2019 was another standout year for the cosmetics industry in China. Given China’s increasingly online lifestyle, the industry’s continued growth and success also meant strong online performance. China is gearing up for 2020, fresh from celebrations for the start of the Year of the Rat and the healthcare battles that defined the first two months of the year. So here we take a look at the online cosmetics industry’s future over the rest of the year.
New Year, New Regulation
“To better ensure quality and safety and promote [the cosmetics industry’s] industrial development”, the State Council passed the Cosmetic Supervision and Administration Regulation (CSAR) in the first few days of 2020, after months of anticipation. Designed to replace the Cosmetics Hygiene Supervision Regulations (CHSR) from 1990, which had been feeling its age, the CSAR aims to modernize the law surrounding the industry, following decades of development and change.
One major focus is managing and assessing risks surrounding new formulas, technologies, and products. Dividing cosmetics into special use and non-special use, China has set up systems of registration and notification (respectively) that products must go through before they can be sold in the China market. Additionally, the processes involved when companies wish to introduce new ingredients have been significantly simplified and expedited.
Live-streaming Soars During Another Holiday Boom
Once again, the cosmetics industry in China broke its previous sales record during China’s biggest sales holiday in 2019. During November’s 11.11 “Singles Day” buying holiday, more than one billion RMB of sales took place in just 24 hours.
Meanwhile, live-streaming has become a major part of China’s social landscape – perhaps even more so than the West. Chinese consumers do after all spend more time on their mobiles than most.
But it has been in recent months that live-streaming selling has really exploded into the cosmetics industry at full force. On Tmall Global, a popular site for buyers of imported cosmetics, sales through live-streaming reached more than 2.3 million on Singles Day. This represents a staggering 400% increase over 2018! With live-streaming’s deep integration into daily life, this is unlikely to be a temporary blip – we are likely to see similarly massive numbers this year, too.
Overseas Brands Catering to Chinese Culture
The sales of Chinese brands are increasing, as local brands catch up with foreign competitors on mass-market appeal and quality. However, data agency Measure China found that in much of 2019 their market share fell. This means foreign brands grew even faster. Observers have put this down to a combination of greater wealth meaning greater access to foreign brands that are still considered the ‘premium’, and these foreign brands taking note of increasing national sentiment and capitalizing on it by fusing local tastes with their foreign sensibilities. This has not only mean marketing campaigns designed to be more sensitive (after advertising scandals considered racist or anti-Chinese in recent years have damaged some brands’ reputations), but also making products that use elements of traditional Chinese medicine or ingredients used in traditional Chinese beauty products.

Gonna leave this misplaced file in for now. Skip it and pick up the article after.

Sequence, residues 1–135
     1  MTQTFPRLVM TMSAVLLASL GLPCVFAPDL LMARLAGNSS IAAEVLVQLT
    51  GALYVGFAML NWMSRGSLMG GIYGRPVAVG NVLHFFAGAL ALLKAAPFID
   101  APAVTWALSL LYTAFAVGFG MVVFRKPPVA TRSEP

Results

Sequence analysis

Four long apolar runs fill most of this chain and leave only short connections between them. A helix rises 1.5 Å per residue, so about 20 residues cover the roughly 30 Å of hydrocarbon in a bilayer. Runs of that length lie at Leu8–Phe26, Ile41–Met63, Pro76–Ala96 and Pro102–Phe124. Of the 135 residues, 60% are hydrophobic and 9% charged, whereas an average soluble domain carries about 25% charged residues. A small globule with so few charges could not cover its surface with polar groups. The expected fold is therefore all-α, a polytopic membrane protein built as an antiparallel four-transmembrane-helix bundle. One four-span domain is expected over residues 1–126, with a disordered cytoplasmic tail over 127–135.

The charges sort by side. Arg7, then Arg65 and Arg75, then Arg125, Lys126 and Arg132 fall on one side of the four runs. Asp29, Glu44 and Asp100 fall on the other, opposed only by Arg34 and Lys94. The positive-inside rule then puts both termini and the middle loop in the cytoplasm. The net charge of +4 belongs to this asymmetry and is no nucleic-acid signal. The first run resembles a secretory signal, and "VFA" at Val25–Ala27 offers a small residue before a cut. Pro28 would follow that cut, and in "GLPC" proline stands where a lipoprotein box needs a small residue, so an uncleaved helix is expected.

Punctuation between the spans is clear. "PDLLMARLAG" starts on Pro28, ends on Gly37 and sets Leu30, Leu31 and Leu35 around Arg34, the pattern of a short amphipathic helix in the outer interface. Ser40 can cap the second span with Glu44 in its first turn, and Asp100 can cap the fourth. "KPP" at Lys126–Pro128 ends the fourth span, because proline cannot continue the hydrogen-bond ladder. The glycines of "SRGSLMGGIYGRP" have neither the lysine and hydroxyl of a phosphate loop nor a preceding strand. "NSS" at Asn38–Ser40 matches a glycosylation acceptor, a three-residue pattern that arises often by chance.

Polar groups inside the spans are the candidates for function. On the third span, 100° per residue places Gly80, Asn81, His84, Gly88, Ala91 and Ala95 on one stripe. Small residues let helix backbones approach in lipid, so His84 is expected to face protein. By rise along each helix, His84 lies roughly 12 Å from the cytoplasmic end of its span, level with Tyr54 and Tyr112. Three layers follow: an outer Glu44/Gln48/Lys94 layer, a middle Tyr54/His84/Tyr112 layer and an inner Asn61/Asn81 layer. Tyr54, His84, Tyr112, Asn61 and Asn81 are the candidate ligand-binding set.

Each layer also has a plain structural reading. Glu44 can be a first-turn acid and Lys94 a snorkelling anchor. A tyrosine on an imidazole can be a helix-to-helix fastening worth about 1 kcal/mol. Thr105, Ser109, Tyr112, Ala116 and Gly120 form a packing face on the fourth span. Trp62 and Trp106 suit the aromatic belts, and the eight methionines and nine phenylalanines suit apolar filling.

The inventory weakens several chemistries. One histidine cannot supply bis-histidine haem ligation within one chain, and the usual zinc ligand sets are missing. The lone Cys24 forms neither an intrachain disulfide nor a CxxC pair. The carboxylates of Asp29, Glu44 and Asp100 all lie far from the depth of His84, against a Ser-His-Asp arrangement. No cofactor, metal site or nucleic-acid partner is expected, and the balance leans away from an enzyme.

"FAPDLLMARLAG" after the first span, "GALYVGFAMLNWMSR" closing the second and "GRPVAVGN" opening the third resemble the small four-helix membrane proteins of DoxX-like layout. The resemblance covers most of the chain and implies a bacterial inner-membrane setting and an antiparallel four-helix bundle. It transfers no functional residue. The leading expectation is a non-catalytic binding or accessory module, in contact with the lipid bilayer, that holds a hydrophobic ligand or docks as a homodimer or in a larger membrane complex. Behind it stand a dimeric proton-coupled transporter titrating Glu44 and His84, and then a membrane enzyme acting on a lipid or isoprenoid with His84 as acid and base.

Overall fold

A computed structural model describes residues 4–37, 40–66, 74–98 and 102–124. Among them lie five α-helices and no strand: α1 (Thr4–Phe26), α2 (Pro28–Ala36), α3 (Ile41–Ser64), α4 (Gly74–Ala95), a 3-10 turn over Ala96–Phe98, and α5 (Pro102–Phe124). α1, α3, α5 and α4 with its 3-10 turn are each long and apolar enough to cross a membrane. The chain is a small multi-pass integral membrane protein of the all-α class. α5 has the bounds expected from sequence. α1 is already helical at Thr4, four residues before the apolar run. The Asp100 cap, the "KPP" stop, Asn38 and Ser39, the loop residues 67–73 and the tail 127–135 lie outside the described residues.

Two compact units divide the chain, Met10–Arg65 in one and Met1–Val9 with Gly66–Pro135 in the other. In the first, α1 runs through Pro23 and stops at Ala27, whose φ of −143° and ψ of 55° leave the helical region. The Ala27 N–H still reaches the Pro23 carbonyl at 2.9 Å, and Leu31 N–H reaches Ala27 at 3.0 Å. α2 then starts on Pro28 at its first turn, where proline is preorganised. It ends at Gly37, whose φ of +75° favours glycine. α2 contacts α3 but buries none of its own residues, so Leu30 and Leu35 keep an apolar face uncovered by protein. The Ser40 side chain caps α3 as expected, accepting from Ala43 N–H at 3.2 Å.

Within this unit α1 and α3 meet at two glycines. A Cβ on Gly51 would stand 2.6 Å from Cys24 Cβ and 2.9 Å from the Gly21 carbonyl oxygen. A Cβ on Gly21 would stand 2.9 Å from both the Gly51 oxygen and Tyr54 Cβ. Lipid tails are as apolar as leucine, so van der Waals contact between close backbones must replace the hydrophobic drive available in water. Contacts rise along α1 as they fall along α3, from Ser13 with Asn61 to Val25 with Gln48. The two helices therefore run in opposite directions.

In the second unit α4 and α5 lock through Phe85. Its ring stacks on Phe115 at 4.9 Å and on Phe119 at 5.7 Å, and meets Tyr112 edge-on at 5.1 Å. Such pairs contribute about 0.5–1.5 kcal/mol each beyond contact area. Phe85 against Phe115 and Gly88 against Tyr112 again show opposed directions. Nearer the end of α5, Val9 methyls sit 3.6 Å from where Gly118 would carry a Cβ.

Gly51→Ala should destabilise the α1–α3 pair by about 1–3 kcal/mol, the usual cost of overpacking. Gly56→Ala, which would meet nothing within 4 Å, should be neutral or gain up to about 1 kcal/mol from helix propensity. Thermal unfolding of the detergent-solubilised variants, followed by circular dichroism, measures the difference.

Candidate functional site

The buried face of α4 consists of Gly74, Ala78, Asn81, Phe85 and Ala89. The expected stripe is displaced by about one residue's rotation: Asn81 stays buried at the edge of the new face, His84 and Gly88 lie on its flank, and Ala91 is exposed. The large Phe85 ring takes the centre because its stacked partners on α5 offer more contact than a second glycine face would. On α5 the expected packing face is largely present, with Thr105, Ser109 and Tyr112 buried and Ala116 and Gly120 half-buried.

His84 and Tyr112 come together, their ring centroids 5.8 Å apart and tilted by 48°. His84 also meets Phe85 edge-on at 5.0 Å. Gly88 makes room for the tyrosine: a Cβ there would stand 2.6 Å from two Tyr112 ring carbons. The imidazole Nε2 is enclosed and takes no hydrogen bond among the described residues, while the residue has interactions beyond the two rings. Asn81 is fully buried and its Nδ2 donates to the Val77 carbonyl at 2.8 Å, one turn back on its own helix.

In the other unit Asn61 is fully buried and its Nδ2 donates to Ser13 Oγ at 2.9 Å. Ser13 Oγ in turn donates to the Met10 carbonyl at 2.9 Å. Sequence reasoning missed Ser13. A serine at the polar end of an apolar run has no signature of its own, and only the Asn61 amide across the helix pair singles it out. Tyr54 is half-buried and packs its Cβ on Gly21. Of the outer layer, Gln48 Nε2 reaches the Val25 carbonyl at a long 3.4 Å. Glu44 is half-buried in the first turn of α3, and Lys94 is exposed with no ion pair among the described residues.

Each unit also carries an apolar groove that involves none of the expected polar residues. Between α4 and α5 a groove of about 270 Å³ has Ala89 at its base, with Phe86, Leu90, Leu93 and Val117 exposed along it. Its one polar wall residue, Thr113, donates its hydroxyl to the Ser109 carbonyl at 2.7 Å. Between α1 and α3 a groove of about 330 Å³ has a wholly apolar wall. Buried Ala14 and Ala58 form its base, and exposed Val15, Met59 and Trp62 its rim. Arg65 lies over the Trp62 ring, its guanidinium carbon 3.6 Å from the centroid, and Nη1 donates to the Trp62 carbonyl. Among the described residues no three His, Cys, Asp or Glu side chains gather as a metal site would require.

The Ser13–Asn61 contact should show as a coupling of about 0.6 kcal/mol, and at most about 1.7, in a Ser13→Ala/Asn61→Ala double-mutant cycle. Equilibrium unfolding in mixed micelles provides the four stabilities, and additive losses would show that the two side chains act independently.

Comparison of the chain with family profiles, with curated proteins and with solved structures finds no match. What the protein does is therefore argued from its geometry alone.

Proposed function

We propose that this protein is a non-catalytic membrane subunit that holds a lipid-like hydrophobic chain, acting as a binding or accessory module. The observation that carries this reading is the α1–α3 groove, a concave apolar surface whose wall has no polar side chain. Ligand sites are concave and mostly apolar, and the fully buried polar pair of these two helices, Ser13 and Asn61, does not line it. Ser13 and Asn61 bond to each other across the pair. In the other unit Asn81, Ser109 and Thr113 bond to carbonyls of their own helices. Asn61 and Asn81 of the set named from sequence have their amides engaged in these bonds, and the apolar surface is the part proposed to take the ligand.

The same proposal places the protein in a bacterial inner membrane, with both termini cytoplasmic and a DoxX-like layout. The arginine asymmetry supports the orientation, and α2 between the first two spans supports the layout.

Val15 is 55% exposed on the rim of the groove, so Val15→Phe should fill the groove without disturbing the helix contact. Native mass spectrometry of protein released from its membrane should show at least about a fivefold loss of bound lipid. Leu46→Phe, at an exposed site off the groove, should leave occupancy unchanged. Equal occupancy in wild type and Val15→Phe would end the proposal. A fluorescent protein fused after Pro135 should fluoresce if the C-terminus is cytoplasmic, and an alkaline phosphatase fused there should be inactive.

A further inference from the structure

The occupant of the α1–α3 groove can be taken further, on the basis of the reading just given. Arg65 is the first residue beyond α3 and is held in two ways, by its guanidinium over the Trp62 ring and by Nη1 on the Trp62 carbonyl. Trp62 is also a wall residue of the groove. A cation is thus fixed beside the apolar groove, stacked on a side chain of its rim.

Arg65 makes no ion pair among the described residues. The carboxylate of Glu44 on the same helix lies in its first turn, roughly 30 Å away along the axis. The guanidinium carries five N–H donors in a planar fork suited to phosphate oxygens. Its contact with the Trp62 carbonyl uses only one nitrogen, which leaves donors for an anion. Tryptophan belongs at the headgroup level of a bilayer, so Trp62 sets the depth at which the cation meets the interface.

Male Cosmetics More Than Just a Fad
Cosmetics aimed at men showed no signs of slowing down in 2019. This followed strong years of growth in both 2017 and 2018. For now overall numbers and market share remain comparatively very small. However, the demographic remains a promising one, with lots of unexplored potential. Leading KOLs such as Li Jiaqi, Wei Chen, and Fang Yunhai have led to greater mainstream acceptance of male cosmetics.
This demographic also overlaps with a group observers have dubbed “lazy people”. This describes consumers who seek out simpler, quicker, and easier cosmetic regimes. The general trend is moving towards Japanese and Korean norms of beauty regimes involving many different steps. However, these consumers prefer products that combine or even eliminate steps from their daily routine. Male consumers on the other hand tend to prefer simpler options. Cosmetics is still new to them, and men can find lengthy processes to be a waste of time.